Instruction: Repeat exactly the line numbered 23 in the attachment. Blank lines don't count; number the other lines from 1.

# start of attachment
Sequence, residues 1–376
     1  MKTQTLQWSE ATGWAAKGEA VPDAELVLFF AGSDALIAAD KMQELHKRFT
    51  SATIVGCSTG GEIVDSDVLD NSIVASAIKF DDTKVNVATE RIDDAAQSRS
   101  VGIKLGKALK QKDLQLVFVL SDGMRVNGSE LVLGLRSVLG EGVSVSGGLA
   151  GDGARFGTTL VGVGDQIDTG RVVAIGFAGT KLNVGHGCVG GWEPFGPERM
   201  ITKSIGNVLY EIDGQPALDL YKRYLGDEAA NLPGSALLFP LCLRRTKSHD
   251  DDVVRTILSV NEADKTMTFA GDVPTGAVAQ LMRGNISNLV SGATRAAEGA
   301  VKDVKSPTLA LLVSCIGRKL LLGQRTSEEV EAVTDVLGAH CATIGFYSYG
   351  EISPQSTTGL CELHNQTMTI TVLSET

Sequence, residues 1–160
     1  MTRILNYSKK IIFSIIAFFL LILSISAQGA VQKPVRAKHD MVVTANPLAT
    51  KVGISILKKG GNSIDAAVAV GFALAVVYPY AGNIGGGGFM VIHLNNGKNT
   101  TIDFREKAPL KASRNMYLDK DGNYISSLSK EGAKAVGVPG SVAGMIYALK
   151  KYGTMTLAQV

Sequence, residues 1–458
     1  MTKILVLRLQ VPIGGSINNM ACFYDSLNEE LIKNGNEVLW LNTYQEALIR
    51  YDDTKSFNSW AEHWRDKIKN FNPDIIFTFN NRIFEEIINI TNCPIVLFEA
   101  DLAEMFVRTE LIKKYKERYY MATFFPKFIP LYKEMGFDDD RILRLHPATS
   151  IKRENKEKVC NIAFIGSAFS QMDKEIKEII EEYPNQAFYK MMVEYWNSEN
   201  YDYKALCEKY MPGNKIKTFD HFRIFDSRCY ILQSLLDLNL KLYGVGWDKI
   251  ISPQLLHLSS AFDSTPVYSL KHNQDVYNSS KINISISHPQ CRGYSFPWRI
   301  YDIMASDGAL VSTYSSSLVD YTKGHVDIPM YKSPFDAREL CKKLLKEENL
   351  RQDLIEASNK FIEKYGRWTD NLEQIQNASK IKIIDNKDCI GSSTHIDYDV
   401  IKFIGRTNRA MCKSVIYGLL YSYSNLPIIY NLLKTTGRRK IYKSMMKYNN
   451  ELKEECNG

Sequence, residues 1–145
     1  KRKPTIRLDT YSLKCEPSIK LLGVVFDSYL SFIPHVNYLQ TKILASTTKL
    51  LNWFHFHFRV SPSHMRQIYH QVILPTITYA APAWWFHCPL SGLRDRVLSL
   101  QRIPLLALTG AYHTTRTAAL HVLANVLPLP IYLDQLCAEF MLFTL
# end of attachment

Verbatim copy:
   351  RQDLIEASNK FIEKYGRWTD NLEQIQNASK IKIIDNKDCI GSSTHIDYDV